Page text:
Consumers are becoming more sophisticated in their ability to discern between a true commitment to sustainability and action taken just for show. And they’re not afraid to call out that authenticity—or lack of it—on social media, in conversations with friends or in any other channel. This has made some brands hesitant to communicate their sustainability work, afraid of the brutal consumer backlash for well-intentioned efforts. Others are still sustainability skeptics.
In working with clients at Nielsen, I often hear, “Yes, consumers say they want sustainability, but will this actually boost my bottom line?” There is a wealth of evidence indicating it will. In fact, when sustainability initiatives are integrated thoughtfully into the strategic plan, they can do everything from streamline the supply chain to unlock a new level of consumer love and loyalty.
In Nielsen's recent report, What’s Sustainability Got To Do With It?, we took a look at three product categories—chocolate, coffee and bath products—and found that sustainability boosted sales and units sold across the board.
The word “sustainability” has increasingly become a catch-all term that, depending on the context, can encompass everything from environmental conservation to employee relations, and much more. Thus, for any company, it can seem daunting to incorporate all of these factors into an overall business strategy and figure out how it fits into a consumer marketing approach.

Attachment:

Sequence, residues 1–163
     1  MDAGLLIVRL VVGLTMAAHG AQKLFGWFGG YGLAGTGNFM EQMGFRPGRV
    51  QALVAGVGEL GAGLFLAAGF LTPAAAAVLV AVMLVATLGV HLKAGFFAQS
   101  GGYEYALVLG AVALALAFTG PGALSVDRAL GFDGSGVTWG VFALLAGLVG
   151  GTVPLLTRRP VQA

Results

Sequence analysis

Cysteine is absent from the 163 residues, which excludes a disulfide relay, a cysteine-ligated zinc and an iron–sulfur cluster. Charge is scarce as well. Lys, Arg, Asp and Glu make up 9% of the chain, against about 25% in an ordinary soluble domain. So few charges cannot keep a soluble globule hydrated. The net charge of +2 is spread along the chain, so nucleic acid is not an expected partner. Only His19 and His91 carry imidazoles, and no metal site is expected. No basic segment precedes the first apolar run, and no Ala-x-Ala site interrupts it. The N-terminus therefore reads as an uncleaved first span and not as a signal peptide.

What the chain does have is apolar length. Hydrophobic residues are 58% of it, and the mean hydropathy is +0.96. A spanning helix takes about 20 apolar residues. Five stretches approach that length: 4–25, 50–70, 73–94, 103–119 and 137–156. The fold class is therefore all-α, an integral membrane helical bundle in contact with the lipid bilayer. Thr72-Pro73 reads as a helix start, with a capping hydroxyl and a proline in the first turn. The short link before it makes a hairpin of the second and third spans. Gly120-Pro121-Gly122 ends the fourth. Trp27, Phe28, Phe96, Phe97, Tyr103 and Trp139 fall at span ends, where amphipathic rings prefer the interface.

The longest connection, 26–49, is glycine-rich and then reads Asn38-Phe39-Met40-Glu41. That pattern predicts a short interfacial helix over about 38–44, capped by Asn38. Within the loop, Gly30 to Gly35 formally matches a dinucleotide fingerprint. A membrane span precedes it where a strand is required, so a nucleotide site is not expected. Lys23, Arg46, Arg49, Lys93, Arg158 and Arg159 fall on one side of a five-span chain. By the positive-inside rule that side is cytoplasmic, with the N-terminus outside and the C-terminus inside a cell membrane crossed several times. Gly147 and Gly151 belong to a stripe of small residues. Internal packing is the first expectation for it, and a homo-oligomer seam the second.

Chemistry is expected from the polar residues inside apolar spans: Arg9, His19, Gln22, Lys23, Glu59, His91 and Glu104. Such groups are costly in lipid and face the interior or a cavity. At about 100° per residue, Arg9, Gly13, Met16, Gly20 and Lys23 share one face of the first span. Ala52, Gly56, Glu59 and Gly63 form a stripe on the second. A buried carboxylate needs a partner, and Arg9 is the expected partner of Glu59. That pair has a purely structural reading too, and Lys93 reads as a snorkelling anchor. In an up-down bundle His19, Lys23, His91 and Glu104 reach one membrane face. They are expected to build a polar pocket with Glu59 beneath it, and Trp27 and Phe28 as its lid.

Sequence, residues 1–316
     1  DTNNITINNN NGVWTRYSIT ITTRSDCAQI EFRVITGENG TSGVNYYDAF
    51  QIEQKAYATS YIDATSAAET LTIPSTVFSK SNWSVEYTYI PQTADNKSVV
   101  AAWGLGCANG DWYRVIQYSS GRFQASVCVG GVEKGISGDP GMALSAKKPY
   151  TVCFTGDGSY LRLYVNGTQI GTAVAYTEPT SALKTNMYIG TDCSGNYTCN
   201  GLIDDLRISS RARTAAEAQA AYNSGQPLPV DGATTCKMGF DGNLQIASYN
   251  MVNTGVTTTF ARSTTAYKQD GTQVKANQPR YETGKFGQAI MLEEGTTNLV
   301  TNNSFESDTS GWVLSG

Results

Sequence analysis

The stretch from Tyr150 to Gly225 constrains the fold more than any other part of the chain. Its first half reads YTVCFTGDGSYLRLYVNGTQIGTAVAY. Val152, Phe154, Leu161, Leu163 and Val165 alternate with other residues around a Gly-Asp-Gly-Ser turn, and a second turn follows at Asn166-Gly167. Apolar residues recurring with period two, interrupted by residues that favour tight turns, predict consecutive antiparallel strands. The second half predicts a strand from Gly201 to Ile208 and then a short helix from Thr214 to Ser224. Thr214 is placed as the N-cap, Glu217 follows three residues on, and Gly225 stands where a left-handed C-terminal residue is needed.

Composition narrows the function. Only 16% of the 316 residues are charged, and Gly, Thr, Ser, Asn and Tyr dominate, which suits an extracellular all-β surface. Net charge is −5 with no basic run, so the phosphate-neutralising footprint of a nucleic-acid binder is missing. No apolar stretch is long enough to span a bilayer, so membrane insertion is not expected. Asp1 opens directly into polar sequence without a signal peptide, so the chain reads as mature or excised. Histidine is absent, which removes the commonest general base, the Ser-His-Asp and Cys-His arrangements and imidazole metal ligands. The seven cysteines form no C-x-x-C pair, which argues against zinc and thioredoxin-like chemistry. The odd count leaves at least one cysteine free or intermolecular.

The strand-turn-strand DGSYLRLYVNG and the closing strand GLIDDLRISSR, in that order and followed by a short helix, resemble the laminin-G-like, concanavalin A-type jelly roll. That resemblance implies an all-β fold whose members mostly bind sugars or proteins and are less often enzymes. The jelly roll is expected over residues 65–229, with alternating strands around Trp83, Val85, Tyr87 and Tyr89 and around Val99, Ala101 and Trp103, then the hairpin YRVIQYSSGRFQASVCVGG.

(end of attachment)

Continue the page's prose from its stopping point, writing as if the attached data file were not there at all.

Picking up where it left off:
Investing in sustainability is undoubtedly an individual journey for brands that can be impacted by industry, geography, product portfolio, community commitments and other factors. We’ve seen success when companies take a tailored approach consisting of multi-stakeholder engagement, cross-functional accountability and transparency along the way. For many brands, this approach will enable consumers to take note at the shelf—and in turn reward you along their path to purchase.
Image credit: Joshua Rawson-Harris via Unsplash
Julia Wilson is Director of Global Responsibility & Sustainability at Nielsen, where she is responsible for its global environmental, social and governance (ESG) strategy, ongoing stakeholder engagement, and external reporting. She was a recipient of City & State NY’s “Responsible 100” for 2017.